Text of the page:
ii) Whether there was a significant cut-off point according to the severity of the stroke among the NLR values found was tested by receiver operating characteristic (ROC) analysis. Whether the presence of infection would change the cut-off point was also reevaluated by regrouping the patients with and without infection separately.

iii) Once a significant cut-off point for NLR was obtained, patients with values below the found cut-off point were grouped as Low NLR group, and those with values above the cut-off point were grouped as High NLR group. Statistical evaluations in terms of age, gender, smoking, medications, C-reactive protein (CRP), sedimentation, CBC, glucose, ECG, ECHO, Doppler USG findings, NIHSS scores and length of hospitalization were repeated.

Approval for the study was obtained from Gaziantep University Clinical Research Ethics Committee with the decision number 07.06.2015/201 on 07.05.15.

Statistical Analysis

The conformity of the numerical data to normal distribution was determined by the Shapiro-Wilk test. Student's t-test was used for the comparison of normally distributed variables in 2 independent groups, and Mann-Whitney U test was used for non-normally distributed variables. Paired Sample t-test was used to test the variation at different times in order to evaluate the dependent variables with normal distribution. The relationship between categorical variables was tested by using chi-square analysis. Pearson correlation analysis was used to determine the relationships between numerical variables. Multiple linear regression analysis was used to determine the variables affecting the numerical dependent variables. In order to diagnose with the help of a numerical variable, the cut-off point determination processes were performed with ROC analysis. SPSS 22.0 package program was used in the analysis. P<0.05 was considered significant.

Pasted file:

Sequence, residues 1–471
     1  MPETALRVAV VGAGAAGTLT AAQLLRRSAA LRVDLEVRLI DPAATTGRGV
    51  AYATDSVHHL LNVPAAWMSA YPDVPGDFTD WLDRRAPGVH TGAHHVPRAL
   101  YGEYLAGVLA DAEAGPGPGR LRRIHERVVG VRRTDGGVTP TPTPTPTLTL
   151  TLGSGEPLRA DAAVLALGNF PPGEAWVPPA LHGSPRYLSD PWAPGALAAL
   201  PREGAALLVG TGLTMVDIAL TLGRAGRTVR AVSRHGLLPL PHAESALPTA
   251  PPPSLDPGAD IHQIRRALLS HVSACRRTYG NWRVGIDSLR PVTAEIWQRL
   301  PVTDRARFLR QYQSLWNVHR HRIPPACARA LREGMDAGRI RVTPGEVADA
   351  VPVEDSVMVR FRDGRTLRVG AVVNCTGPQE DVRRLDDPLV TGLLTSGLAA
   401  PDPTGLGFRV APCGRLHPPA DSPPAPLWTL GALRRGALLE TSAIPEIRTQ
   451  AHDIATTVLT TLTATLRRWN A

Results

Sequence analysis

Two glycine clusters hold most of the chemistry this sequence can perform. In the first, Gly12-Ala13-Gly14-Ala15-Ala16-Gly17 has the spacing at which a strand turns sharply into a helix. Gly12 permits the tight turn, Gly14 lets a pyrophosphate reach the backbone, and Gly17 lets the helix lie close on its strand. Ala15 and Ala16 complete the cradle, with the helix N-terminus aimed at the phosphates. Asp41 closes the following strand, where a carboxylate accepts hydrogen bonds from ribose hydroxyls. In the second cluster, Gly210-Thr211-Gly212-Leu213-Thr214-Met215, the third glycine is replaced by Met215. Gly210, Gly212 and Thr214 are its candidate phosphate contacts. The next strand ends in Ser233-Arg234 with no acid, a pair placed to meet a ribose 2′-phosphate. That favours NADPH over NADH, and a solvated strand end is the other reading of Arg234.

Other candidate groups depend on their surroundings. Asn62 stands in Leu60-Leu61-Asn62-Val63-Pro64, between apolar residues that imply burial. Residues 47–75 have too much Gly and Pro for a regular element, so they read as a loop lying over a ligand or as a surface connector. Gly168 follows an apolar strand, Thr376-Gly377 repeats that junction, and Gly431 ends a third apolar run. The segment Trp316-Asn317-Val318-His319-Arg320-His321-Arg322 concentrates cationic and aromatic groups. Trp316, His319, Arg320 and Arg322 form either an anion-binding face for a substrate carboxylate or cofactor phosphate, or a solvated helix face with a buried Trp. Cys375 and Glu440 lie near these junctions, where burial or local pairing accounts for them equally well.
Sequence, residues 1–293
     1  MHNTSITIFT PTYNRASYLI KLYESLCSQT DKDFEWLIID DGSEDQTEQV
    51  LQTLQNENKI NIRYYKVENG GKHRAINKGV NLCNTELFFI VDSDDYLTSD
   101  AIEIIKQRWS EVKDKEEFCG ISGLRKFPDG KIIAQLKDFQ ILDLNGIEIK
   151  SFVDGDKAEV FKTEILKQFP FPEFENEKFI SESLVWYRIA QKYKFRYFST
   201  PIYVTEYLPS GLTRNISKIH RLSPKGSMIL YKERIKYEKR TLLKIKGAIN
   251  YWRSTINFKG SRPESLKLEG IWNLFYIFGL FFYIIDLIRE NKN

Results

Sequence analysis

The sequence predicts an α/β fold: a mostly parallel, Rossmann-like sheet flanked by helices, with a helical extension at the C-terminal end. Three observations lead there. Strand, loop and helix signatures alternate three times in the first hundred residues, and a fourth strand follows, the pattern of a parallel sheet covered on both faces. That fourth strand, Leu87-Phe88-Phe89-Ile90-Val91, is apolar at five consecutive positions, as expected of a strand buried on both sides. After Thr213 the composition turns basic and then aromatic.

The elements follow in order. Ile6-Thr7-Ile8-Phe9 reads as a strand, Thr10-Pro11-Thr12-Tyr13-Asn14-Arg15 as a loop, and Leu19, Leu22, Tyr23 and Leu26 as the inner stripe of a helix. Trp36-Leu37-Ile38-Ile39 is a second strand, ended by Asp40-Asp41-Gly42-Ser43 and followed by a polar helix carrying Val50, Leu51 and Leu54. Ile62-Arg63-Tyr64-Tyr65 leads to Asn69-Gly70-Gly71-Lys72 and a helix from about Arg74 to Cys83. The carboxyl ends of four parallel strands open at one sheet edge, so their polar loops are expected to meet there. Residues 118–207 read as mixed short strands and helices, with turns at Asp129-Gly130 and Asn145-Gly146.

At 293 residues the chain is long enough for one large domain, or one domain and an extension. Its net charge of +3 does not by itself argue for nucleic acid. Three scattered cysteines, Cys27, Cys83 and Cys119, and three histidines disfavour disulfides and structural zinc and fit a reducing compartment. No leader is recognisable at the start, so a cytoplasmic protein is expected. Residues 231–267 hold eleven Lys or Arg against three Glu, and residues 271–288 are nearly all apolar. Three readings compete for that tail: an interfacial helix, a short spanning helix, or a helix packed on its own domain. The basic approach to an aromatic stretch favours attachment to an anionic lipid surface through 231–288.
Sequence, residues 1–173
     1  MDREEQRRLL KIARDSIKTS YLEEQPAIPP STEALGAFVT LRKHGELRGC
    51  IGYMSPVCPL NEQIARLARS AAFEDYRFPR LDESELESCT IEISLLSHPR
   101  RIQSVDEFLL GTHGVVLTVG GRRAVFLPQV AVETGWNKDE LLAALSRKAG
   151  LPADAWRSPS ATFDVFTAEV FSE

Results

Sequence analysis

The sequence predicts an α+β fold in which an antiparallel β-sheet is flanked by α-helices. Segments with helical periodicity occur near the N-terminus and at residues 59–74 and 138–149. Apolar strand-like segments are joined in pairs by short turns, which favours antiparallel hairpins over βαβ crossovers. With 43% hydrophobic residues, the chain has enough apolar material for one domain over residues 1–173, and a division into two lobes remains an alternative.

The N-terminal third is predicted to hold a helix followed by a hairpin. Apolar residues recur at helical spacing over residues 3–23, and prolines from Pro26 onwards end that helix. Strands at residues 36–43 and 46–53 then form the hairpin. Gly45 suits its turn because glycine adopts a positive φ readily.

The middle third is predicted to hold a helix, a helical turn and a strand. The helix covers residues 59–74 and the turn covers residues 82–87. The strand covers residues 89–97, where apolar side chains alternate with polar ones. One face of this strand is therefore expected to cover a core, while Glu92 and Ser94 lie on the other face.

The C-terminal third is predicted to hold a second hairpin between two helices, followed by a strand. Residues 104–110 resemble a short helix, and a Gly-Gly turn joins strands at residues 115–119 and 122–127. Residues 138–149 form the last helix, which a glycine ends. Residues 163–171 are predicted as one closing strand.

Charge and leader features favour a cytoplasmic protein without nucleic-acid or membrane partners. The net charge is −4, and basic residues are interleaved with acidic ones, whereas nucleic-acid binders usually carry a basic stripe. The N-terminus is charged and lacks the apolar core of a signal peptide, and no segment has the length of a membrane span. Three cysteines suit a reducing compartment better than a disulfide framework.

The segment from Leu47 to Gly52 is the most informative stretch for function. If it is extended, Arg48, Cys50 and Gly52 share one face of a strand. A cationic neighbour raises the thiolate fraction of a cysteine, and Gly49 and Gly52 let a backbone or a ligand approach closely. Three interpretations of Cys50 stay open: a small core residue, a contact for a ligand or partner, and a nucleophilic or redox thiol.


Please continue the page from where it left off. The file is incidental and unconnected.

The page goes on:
A total of 80 patients were included in the study according to inclusion and exclusion criteria. The ages of 44 (55%) female and 36 (45%) male patients included in the study were between 23 and 88 (63.6±15.2 years). The demographic data of the patients are summarized in Table 1.

Sixteen patients (20%) had no known disease history. In addition to 10 patients who had known atrial fibrillation (AF) at the time of admission, AF was detected in 5 more patients during hospital stay. Fourty-five patients (56.3%) had more than one previously known disease (Table 1).